Paul L. Caron

Monday, November 25, 2019

A Move Toward Greater Diversity In Deanships

Chronicle of Higher Education, A Move Toward Greater Diversity in Deanships:

In 2016, law schools were behind where education schools stood on gender equity in 1996, with only 30 percent of law deans being women.

At the University of Utah, Elizabeth Kronk Warner became the first woman and first Native American dean of the S.J. Quinney College of Law this year. ... [S]he did not go into the job knowing that she was breaking new ground. When the news releases came out, she realized what her appointment meant. Knowing that she was the first did not change her approach to her new job, but it made her more aware.

"Anytime you’re the first of anything, there’s a little bit more responsibility because, in my experience, people will ascribe lack of success to gender or race if you don’t do well," says Warner.

"For years, there weren’t as many women being educated in the law, and so there just wasn’t the pipeline for women to become deans," she says. Warner recalls an alumnus telling her recently that he wanted to mentor more women but that some clients resist the notion of women taking the lead in cases.

Warner credits Stephen W. Mazza, dean of the law school at the University of Kansas, who is white, with mentoring her and other women. Two of her predecessors as associate dean for academic affairs at Kansas also went on to lead law schools: Melanie D. Wilson at the University of Tennessee at Knoxville and Stacy L. Leeds at the University of Arkansas at Fayetteville.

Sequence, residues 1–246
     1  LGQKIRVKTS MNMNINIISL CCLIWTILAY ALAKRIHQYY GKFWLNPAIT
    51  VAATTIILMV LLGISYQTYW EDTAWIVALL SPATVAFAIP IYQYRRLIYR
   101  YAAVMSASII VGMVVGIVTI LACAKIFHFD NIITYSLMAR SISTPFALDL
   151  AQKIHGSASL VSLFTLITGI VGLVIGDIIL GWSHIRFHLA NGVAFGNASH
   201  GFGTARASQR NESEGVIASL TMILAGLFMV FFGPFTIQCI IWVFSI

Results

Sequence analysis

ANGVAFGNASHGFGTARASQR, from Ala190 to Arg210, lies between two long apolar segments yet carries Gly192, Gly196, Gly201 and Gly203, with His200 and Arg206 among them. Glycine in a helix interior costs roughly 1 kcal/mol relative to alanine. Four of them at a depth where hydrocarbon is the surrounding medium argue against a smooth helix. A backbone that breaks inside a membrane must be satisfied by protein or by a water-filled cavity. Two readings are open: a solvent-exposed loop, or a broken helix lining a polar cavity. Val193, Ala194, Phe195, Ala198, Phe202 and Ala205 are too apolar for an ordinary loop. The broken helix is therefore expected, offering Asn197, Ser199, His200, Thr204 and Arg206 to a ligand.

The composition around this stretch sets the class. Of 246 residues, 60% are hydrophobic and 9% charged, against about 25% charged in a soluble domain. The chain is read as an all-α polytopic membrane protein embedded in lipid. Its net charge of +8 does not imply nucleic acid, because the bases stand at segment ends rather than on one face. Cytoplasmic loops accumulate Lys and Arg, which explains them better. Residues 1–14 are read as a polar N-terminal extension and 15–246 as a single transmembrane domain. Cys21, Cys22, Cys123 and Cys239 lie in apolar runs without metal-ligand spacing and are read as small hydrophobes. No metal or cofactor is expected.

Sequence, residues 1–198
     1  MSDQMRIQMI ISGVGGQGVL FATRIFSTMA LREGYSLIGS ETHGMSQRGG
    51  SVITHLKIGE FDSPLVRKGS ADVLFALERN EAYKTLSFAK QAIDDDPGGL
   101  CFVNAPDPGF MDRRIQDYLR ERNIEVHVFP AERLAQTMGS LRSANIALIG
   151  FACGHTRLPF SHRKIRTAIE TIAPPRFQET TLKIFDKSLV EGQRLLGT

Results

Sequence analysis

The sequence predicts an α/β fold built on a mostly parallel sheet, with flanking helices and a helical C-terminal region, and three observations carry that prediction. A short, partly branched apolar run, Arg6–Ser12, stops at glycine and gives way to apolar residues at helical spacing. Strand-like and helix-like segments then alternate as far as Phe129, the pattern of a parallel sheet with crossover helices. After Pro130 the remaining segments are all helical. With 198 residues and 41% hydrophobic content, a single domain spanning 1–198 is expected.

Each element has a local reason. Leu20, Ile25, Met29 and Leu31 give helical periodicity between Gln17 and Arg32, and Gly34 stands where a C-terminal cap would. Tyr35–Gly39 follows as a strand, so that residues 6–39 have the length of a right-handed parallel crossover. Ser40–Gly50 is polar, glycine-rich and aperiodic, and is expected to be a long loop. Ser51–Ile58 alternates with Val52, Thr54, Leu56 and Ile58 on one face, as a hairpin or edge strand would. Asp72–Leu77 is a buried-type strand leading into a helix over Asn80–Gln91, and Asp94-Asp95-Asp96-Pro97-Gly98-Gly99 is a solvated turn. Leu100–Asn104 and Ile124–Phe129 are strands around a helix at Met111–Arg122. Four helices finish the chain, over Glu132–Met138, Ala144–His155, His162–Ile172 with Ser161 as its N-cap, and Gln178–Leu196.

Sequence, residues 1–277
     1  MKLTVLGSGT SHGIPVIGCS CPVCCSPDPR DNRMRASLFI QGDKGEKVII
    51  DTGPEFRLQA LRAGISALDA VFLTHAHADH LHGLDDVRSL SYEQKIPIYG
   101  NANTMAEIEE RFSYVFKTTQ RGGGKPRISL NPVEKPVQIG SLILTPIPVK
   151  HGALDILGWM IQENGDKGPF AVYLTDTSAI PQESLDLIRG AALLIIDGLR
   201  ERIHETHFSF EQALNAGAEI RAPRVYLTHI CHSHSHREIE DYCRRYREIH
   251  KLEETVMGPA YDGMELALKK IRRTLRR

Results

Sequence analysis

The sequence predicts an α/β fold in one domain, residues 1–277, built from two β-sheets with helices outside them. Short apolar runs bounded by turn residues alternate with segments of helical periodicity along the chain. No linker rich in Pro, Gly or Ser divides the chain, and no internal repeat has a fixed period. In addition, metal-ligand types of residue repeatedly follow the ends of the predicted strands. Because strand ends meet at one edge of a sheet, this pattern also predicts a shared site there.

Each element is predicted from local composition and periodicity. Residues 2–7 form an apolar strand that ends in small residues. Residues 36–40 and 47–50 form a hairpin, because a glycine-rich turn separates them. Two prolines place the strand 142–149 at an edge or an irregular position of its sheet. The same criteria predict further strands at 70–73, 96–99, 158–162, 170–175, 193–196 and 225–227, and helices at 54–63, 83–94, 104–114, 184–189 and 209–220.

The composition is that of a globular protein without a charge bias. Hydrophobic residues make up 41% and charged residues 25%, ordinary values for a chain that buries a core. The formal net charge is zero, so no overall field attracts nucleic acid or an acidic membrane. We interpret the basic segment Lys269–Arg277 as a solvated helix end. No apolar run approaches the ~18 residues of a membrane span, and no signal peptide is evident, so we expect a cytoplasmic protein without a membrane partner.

A member of the Sault Ste. Marie Tribe of Chippewa Indians, Warner saw as she grew up how "the law touches you in so many ways that I don’t think other Americans experience, because we have a really unique relationship with the federal government." She is excited to start building on the school’s existing Indian-law classes. With other members of the university community, Warner also plans to go on the road in the coming year for face-to-face meetings with members of tribes around Utah.

Warner is proud of the college’s inclusive senior administrative team. It is intentional, she says, and better decision making happens when people from a variety of backgrounds take part in the discussion. She praised Ruth V. Watkins, the university’s president, for her dedication to diversity, equity, and inclusion at Utah. “There are many other women in leadership positions at the university that just make it a great place to work,” she says.

Outside the university, Warner has found a supportive community of other female law deans. She credits Kellye Y. Testy, former dean of the School of Law at the University of Washington and president and chief executive of the Law School Admission Council, with bringing those women together. Women, especially women of color, among law-school deans are a close cohort, she says.“It can be a lonely job,” she says, “so it’s very nice to know that you’ve got people in other similar positions who can provide some support.”

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